JUPITER, Fla. - It was supposed to be a typical scuba dive. Randy Jordan, owner of Emerald Charters in Jupiter, grabbed his gear and ferried a small group of divers to a spot about four miles east of the Jupiter Inlet. "Completely random drop and the captain just dropped us right on it," said Jordan. "It was just totally by accident."
The group dove about 185 feet to the ocean floor.
"We get down to the bottom and I see some fish that are swimming over to the right and I followed them," said Jordan. "They swam right up to this airplane. It was the most amazing thing."
Right in front of them, Jordan said, were the remains of an aircraft. "When you backed up, you said 'that's an airplane,' " he said.
Underwater video taken by Jordan shows the aircraft upside-down on the ocean floor. "The wings were intact, the tail was intact and if you go to the front of it, the engine's there and the propellers," he said.
Jordan sent his images to the Warbird Information Exchange , an online source for historical aviation information. Experts there told Jordan that the submerged aircraft could be a Curtiss Helldiver SBC2. Some of those airplanes flew in the early 1940s during World War II.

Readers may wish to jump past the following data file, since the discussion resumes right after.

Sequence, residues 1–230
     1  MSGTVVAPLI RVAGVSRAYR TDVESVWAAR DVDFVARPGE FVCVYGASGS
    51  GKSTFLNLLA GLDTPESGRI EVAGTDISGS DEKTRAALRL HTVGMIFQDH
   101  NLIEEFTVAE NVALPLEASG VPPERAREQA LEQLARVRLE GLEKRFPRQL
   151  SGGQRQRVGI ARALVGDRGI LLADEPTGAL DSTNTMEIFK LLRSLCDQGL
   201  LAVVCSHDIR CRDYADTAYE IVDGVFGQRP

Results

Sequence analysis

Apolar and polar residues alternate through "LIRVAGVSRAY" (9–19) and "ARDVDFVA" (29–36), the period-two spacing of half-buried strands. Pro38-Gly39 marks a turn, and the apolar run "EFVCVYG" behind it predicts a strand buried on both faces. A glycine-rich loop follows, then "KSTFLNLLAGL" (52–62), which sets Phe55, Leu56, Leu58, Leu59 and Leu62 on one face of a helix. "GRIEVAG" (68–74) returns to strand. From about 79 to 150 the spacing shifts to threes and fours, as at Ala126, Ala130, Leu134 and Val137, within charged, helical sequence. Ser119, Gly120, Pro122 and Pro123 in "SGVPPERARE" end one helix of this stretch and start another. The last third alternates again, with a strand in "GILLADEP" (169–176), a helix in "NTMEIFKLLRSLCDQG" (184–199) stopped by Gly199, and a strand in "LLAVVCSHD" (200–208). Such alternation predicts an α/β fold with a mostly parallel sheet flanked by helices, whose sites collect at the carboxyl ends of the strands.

"I thought, that's pretty cool. 'Helldiver' is the name of something a bunch of divers would find," said Jordan. "It's never been discovered before so somebody's looking for it."
No representatives from the U.S. Military have been out to examine the aircraft wreckage. The group of divers plans to be in talks with the military, in hopes that someone can provide answers about this discovery off the coast of Palm Beach County.